Texas Lawbook Premium Bonus Content: Q&A with Chevron Senior Counsel Alyssa Schindler
The Texas Lawbook provides unique and substantive content to our Premium subscribers. In this interview, Chevron Senior Counsel Alyssa Schindler provides personal insight into her life, how she selects outside counsel and key things outside counsel should know about her.
You can see Mark Curriden’s full feature profile of Alyssa Schindler here.
The Texas Lawbook: Any life or career mentors?
Schindler: I’ve been fortunate enough to have several mentors over the course of my career. I think my earliest mentor was my grandfather. He was … not an easy man. But to this day, he is still one of the smartest and most educated men I have ever known – and he did it all on his own. A true auto-didact, he was never without a book in his hand, and usually C-SPAN running in the background, too. Politics, history, philosophy, economics – he just devoured knowledge. As a kid, he and I would have long conversations on topics ranging from the history of Rome to the origins of the free market philosophy. In my first year of law school, he asked me what I was studying. When I told him constitutional law, his first question was whether we had covered Marbury v. Madison yet. He was one of my earliest role models of a love of learning, and most importantly, that learning shouldn’t stop just because your formal education does.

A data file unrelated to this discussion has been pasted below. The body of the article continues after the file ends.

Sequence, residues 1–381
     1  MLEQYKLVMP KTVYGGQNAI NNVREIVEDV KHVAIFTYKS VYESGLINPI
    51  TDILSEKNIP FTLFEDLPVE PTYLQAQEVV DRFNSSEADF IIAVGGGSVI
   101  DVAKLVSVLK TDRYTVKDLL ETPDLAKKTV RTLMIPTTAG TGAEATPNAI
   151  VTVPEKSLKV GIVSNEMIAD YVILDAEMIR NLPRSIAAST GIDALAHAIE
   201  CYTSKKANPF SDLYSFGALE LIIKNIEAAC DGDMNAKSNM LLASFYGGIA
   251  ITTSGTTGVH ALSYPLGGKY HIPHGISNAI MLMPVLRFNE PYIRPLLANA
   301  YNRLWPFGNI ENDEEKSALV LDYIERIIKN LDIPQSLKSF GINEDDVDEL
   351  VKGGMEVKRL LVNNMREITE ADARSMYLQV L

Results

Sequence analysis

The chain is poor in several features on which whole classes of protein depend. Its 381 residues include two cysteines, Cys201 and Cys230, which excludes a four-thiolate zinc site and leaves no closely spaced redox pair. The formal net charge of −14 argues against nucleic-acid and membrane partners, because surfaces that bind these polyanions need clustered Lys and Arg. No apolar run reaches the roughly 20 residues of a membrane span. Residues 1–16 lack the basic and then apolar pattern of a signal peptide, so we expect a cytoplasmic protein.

The Lawbook: What do you look for in hiring outside counsel? Do you have specific criteria?
Schindler: A couple of different things. A focus on solutions. Creative thinking. Understanding of the business or a willingness to learn about it. A commitment to diversity and inclusion.
The Lawbook: What does outside counsel need to know about you?
Schindler: Probably most relevant to this discussion is the fact that I view pro bono partnerships as a relationship building opportunity. If we are partnering with a firm on a project, the firm should use that as an opportunity to staff the project with attorneys that they would like us to consider for work in other areas. We also pay attention to how the firm attorneys treat a pro bono client. Are they responsive to the pro bono client and to us? That is going to inform how we would view working with them in a billable context. By the same token, when we have successful partnerships, or when I get the opportunity to work with a firm lawyer on a pro bono case that really impresses me, I am going to do what I can to make sure that we build on that partnership for billable work.
The Lawbook: How many outside firms do you work with at Chevron and does it impress if they demonstrate their pro bono programs are strong? In other words, does it help law firms get hired by you and Chevron if they have strong pro bono efforts?
Schindler: As a global company, we work with a lot of different outside firms. A commitment to pro bono service definitely makes a difference, but I think it is even more compelling when a firm is proactive in coming to Chevron with proposals for partnership in the pro bono space – like the partnership we had with Norton Rose. Particularly when it comes to direct representation, we wouldn’t be able to take on some of the commitments without our law firm partnerships.